If a combination of food, wine, and books is the ideal match in your mind, then these tempting wine guides and tantalizing food histories are destined for your bookshelves. Make the holiday season brighter for you and yours—save 30% online with discount code 19W3328 (enter at checkout).

Featured in Food & Wine’s “The 9 Best Wine and Spirits Books to Gift This Year”:

“…an in-depth examination of the specific places in which Italy’s leading grapes and some lesser-known varieties grow best, and the characteristics imparted to the wines. Among English-language wine writers focusing on Italy, Mr. D’Agata’s scholarship is unsurpassed. …For those who want the complete picture on Italy and its terroirs, this is the book for you.”—2019 “Best Wine Books”, The New York Times

Shortlisted for the Louis Roederer International Wine Writers’ Awards:

“This book had to be written, and Ian D’Agata is the only person I know who could have done it. . . . I strongly suspect every wine professional and wine consumer with a serious interest in Italian wine will come to count on the book as an indispensable work of reference for many years to come.”—Decanter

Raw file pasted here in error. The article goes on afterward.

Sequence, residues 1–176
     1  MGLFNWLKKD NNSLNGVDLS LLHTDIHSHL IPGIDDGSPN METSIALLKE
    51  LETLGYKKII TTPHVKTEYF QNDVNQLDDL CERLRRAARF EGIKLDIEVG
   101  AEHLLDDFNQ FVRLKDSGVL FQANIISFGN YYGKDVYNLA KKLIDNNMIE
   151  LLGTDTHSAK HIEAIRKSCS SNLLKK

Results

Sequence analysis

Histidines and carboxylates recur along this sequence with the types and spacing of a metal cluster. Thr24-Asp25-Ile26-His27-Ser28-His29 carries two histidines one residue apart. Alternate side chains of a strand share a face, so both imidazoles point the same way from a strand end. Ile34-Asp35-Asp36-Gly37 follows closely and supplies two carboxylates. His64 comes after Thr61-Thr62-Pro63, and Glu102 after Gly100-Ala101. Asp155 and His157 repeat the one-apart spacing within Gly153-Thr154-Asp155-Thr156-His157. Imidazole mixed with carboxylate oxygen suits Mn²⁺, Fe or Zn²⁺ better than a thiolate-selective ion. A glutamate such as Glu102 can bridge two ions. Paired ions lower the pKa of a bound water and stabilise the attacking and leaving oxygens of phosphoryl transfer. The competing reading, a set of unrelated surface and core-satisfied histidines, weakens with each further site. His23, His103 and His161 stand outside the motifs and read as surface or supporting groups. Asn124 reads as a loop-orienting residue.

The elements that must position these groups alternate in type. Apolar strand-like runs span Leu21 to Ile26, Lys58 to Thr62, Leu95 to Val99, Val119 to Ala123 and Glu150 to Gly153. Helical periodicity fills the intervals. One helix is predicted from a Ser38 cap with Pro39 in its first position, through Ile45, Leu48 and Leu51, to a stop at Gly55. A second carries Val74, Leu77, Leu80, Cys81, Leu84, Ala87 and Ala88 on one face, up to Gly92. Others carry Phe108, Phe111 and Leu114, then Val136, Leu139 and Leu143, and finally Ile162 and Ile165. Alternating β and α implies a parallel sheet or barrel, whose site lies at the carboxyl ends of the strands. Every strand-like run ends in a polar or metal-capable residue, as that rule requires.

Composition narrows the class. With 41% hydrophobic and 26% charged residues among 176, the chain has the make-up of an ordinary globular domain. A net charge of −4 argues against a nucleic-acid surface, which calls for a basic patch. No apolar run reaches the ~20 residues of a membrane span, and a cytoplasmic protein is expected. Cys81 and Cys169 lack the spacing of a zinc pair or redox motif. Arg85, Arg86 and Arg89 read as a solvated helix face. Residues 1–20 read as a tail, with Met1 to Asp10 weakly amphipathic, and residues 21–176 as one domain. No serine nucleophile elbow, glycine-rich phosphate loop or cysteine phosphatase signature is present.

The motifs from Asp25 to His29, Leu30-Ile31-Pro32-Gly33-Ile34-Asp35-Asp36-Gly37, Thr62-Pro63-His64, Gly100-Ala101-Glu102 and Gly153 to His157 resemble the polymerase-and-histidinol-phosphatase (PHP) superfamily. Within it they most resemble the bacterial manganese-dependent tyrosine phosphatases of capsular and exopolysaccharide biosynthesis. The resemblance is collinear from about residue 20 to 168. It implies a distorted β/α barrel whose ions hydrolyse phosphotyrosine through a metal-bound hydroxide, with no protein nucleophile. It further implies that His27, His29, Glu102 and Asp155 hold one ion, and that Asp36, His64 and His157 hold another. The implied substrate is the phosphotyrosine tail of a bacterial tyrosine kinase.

From the pre-eminent Italian food historian, Oretta Zanini De Vita:

“Through hundreds of descriptions of pasta styles, with explanations of their origins and of how they’re made, the book places pasta in its social and historical context.”The New York Times

Wine & Spirits‘ 2016 Book of the Year:

“For those who have ever sipped a glass of wine and been amazed by aromas and flavors like wet wool or roasted coffee (or if you’re simply baffled by such descriptions altogether), wine writer Jamie Goode’s new book is a must-read on the topic.”—Imbibe

The fascinating stories behind the foods that have shaped human history:

“…an excellent example of a comprehensive and entertaining historical and botanical review, providing an enjoyable and cognitive read…”—Nature

Winner of the Gourmand World Cookbook Awards Special Category:

“Notaker’s impressive work of research calls for cookbooks to be read and valued the same as literature . . . . A History of Cookbooks also serves up a wonderful history of publishing, since that first printed Italian cookbook coincides with the advent of Gutenberg’s press”—Print Magazine